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The COVID-19 vaccine and pregnancy

There are still a lot of questions when it comes to vaccinations for pregnant women and nursing mothers, and few answers. Here's what we do know.

SAN ANTONIO — As coronavirus vaccines are distributed across the country, many people are still trying to decide whether the shot is right for them. 

There are still a lot of questions when it comes to vaccinations for pregnant women and nursing mothers, but there are few answers at this time. Here's what we do know.

Pregnant women were excluded from the vaccine studies that were conducted for emergency authorization. 

However, studies looking at how the COVID-19 vaccine will affect women and their babies are underway right now. 

What we do know is that pregnant women are at risk for severe complications from the coronavirus.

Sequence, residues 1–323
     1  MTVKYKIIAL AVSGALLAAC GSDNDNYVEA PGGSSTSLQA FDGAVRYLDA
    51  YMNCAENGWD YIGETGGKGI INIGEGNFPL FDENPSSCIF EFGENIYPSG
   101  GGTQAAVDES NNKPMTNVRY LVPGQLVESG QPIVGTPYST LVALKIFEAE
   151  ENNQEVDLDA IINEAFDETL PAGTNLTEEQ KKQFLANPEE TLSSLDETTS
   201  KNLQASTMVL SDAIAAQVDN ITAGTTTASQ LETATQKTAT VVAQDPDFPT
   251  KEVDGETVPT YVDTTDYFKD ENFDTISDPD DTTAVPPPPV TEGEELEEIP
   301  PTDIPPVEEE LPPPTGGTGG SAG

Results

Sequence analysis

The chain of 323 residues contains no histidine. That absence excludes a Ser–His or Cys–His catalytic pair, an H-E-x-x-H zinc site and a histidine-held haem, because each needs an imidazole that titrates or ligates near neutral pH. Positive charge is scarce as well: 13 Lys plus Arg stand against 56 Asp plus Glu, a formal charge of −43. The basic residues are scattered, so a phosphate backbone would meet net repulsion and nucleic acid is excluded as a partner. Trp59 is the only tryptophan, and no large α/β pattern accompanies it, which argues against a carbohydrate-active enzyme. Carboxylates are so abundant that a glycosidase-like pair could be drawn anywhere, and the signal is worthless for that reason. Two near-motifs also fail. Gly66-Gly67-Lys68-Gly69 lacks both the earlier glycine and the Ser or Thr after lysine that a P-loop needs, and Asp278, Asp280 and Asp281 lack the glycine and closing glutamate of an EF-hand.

Meagan Garibay, an RN with the Comanche County Memorial Hospital in Oklahoma, had a mild reaction to the first dose of the vaccine, but that didn't prevent her from getting the second dose.

"I've got a much higher chance of suffering, severe consequences, or even death from COVID-19. 

Dr. Laura Rilet, an OB-GYN Chief at New York-Presbyterian and Weill Cornell Medicine echoed this, saying that the benefits of the vaccines are likely to outweigh the risks of COVID-19. 

"The biology of the way this vaccine works does not make us think in any way that this vaccine is going to be any less safe or any less efficacious in pregnancy."

According to a Harvard study, pregnant women who tested positive for the virus did not pass it on to their babies. 

The study also found that mothers did not pass along any antibodies, meaning their children could still get sick from the virus, later in life. 

As for nursing mothers, there's no data yet on how the vaccine could affect milk production.

It's best to consult with your doctor before making a decision.